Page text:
Rear crash protection is rated according to a two-step procedure. Starting points for the ratings are measurements of head restraint geometry — the height of a restraint and its horizontal distance behind the back of the head of an average-size man. Seat/head restraints with good or acceptable geometry are tested dynamically using a dummy that measures forces on the neck. This test simulates a collision in which a stationary vehicle is struck in the rear at 20 mph. Seats without good or acceptable geometry are rated poor overall because they can't be positioned to protect many people.
Tuesday, June 23, 2009
- Never leave your vehicle running unattended
- Lock all doors
- Remove all valuables
- Completely close all the windows
- Park in well-lit locations. Avoid isolated areas
- Install an alarm system with a kill switch
- INstall a steering wheel locking device
- Install a locking fuel cap
- Intall a vehicle tracking system
- Install an ignition or fuel kill switch
- If you have a garage, use it and lock it
- If you have a rear-wheel drive car, back into the driveway
- If you have a front-wheel drive car, park front end first
- Always set the emergency brake
- Never hide a spare key in the vehicle
- Don't leave the ownership or insurance cards in the vehicle when unattended
- Drop business cards or address labels inside doors to assist with vehicle identification
Don't assume you have Theft Coverage on your insurance policy, talk to your broker.
Tuesday, June 9, 2009
Most people remember when daylight savings happens, it's time to change the battery in their smoke detectors. Here are 8 more useful tips to keep your home in top shape:
1- Clean out your dryer vent
Make your dryer more efficient, reduce condensation build-up and prevent possible fires;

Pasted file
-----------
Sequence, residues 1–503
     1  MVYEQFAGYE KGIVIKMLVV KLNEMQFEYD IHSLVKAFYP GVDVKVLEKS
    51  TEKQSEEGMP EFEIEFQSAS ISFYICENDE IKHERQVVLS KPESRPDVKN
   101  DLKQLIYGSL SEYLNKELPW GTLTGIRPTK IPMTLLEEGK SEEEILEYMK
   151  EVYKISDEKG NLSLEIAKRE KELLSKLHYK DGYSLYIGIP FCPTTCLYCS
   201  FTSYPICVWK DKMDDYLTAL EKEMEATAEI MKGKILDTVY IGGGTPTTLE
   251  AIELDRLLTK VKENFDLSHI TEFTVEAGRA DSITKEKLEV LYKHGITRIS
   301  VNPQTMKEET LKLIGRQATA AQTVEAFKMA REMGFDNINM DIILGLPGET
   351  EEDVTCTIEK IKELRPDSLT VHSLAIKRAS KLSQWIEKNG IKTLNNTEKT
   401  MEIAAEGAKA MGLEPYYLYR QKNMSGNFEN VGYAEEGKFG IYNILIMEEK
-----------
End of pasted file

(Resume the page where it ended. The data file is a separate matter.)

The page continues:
2- Change the rubber washers on your garden hoses
Stop that annoying drip, save money on your water bill and prevent damage to your house foundation;
3- Replace burnt out light bulbs outside your home
A well-lit home is an inexpensive way to deter break ins;
4- Cut back hedges and trim trees near your house
Eliminate hiding places for thieves and remove branches that could damage siding or break windows;
5- Check the downspouts
Clean all blockages and point spouts away from the foundation to prevent excess moisture problems;
6- Remove unwanted clutter from garages and sheds
Free up storage space and eliminate potential fire risks;
7- Make sure furnace and roof vents are clear of obstructions
Leaves and bird’s nests can cause serious problems if left unattended;
8- Check the water hoses that run to your washing machine
These are relatively inexpensive hoses that are under constant pressure. If one happens to break you could have a major expense on your hands. Change them every 5 years and with small investment, you could save hundreds of dollars.
The articles which appear in this publication represent the opinions of the authors and do not represent or embody any official position of, or statement by IBAO or Blue Sky Financial Group; nor do they attempt to set forth definitive action standards or to provide legal advice
Tuesday, May 26, 2009
Home Safety Tips
Personal safety for you and your family begins in your home. Statistics prove this.
Far too many fire fatalities occur in the home — most at night when people are asleep and where there are no working smoke alarms. The law in Ontario is that homes have one smoke alarm on every level of their home and it is recommended that there be one installed outside all sleeping areas.